Posted by Clarence Jones
Isn’t anything sacred? As a lifelong, card carrying member of the “Chubby Baby” club, I was recently surprised by the results of a new study published in February 2010 in the journal Clinical Pediatrics entitled “Identifying the “Tipping Point” Age for Overweight Pediatric Patients” that found over half of all American children are overweight or obese (according to data from the 2007 National Health and Nutrition Examination Survey (NHANES)).
There is an emotional appeal – a cuteness- that chubby babies evoke, but there is a clear risk associated with babies staying chubby to long. According to the study, “The critical period for preventing childhood obesity is during the first two years of a child’s life and for many by three months of age.”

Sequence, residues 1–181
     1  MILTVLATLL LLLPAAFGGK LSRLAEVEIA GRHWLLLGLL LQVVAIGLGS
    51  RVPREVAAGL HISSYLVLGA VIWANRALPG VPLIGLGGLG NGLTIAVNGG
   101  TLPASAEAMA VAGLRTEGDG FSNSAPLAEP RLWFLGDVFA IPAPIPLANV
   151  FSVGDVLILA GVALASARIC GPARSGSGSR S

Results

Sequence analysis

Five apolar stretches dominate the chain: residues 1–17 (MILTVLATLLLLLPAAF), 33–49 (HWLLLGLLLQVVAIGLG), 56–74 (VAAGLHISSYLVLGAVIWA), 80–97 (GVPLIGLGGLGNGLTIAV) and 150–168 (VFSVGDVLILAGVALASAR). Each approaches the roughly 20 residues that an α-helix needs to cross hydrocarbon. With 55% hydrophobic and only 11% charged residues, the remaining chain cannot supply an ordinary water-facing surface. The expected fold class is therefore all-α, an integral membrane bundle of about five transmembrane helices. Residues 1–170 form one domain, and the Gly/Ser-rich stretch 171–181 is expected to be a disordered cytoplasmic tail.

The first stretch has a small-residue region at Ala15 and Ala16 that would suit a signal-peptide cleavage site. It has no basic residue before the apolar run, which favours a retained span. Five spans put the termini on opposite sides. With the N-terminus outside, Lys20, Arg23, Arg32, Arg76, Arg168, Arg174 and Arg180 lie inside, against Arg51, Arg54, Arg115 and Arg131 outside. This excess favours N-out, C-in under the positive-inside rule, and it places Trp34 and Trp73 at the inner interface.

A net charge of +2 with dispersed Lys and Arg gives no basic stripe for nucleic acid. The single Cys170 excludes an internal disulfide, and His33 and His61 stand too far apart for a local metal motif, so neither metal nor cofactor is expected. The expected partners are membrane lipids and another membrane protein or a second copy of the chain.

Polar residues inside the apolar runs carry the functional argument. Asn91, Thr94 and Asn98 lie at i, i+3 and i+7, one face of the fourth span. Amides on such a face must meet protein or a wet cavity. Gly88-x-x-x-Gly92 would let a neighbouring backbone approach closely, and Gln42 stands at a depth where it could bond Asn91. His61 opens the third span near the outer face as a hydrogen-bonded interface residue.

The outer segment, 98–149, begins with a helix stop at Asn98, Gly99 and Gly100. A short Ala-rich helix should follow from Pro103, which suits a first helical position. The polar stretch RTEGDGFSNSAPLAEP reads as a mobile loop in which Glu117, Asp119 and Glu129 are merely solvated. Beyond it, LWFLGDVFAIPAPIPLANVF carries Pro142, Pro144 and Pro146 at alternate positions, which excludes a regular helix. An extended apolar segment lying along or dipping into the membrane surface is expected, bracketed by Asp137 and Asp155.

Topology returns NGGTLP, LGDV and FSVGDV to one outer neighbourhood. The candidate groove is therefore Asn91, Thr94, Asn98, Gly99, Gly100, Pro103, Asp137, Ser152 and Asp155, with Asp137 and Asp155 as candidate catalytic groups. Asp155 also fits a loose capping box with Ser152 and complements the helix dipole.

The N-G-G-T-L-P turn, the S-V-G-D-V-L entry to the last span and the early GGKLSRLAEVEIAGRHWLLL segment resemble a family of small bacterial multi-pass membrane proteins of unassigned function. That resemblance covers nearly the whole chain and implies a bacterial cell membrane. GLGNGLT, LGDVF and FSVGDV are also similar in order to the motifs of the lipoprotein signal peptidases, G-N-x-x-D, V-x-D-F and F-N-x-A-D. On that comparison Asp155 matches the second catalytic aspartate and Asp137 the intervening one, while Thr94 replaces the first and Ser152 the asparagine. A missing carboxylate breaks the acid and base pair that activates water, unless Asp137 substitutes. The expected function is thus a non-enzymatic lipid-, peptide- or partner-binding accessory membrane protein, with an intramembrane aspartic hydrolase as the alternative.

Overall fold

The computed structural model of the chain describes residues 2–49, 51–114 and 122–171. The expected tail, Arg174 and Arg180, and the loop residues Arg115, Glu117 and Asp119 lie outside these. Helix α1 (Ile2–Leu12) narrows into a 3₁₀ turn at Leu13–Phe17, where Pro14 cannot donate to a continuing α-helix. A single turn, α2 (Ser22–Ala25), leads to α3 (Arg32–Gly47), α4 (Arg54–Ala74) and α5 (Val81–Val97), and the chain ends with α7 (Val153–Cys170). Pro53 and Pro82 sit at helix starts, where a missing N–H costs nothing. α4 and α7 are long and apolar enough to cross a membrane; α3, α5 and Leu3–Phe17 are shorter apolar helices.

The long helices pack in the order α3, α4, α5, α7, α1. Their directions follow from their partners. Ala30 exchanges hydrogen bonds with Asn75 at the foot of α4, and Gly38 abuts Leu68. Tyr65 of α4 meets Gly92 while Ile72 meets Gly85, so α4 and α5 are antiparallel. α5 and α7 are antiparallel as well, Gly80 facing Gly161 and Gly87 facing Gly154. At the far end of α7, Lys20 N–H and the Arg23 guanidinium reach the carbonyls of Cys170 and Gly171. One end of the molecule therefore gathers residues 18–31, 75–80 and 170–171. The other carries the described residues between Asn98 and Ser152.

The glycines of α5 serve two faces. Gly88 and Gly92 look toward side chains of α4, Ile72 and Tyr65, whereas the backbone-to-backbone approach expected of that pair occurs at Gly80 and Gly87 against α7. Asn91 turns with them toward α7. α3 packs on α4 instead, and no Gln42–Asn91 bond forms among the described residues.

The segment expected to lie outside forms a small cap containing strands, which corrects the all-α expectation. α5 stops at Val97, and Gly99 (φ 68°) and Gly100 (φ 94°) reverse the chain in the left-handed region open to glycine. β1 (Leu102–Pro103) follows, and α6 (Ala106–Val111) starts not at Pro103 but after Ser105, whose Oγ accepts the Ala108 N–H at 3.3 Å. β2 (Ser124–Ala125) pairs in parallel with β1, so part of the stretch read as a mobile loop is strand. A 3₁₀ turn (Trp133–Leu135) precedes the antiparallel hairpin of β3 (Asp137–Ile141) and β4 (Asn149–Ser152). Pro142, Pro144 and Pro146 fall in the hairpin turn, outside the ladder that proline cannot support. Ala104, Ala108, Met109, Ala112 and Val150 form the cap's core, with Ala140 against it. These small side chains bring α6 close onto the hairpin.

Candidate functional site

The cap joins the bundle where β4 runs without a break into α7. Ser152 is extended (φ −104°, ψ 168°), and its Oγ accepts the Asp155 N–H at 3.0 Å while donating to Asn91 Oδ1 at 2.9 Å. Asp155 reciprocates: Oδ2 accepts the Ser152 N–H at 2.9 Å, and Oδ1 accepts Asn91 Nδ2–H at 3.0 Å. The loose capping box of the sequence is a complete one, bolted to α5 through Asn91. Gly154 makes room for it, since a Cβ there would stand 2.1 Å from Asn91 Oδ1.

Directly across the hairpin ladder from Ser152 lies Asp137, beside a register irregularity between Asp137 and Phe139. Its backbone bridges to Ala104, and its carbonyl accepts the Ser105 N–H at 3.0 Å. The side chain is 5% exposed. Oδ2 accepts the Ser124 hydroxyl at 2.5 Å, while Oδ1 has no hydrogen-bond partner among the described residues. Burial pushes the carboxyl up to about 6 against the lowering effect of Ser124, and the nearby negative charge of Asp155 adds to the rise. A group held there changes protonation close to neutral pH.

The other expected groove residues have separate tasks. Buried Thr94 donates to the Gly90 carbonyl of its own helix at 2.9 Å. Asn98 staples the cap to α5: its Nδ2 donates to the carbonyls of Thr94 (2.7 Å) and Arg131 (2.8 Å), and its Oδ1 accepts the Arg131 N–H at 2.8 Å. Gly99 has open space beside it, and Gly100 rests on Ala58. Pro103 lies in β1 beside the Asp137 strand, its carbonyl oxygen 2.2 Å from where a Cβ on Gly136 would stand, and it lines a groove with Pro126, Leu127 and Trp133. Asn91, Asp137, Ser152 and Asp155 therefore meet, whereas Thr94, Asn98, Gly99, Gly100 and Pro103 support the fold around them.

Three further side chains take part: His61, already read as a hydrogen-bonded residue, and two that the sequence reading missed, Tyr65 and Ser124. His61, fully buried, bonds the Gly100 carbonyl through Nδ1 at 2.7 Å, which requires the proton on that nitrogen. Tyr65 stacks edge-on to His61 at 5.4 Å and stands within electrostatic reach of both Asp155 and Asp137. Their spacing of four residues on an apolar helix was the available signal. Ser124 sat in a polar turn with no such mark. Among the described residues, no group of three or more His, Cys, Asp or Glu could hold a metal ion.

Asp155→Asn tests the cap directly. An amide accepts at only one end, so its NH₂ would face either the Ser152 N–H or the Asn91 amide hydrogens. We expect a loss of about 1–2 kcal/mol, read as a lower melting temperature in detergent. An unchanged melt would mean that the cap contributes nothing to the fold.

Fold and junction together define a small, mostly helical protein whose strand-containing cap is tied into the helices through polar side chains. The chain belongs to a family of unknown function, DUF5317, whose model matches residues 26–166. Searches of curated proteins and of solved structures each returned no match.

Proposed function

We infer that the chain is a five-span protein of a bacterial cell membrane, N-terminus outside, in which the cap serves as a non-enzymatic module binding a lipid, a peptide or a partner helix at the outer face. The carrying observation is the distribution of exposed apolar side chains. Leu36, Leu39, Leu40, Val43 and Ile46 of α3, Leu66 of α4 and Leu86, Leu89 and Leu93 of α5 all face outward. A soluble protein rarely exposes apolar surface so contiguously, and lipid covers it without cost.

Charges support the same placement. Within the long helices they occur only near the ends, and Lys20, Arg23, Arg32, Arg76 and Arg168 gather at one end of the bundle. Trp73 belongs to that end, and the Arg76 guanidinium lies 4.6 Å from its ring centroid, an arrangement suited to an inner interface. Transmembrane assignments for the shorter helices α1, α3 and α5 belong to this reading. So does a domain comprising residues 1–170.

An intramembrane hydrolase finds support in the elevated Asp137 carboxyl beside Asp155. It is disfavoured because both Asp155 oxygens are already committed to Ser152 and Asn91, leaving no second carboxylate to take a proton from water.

I should not be shocked by this finding. Obesity is a critical public health issue in America. Obesity is an often dismissed or overlooked cultural phenomenon, we have change the word “fat’ to “Phat.” I am so old that I remember when being “heavyset” was actually a term of endearment, describing you as healthy or (maybe hefty) or living a life of abundance – of having more than enough. These cultural values persist.
I went to a men’s event once and saw a father give his daughter a plate of food that even I could not have finished. The father never thought about the long- term consequences of his action. He was only taking care of his child in a way that he felt expressed love.
So what do we do? How do we work with parents and caregivers to redefine “healthy” to include smaller portions, fewer trips to McDonalds, less soda and more fresh, wholesome foods? What suggestions do you, our readers, have?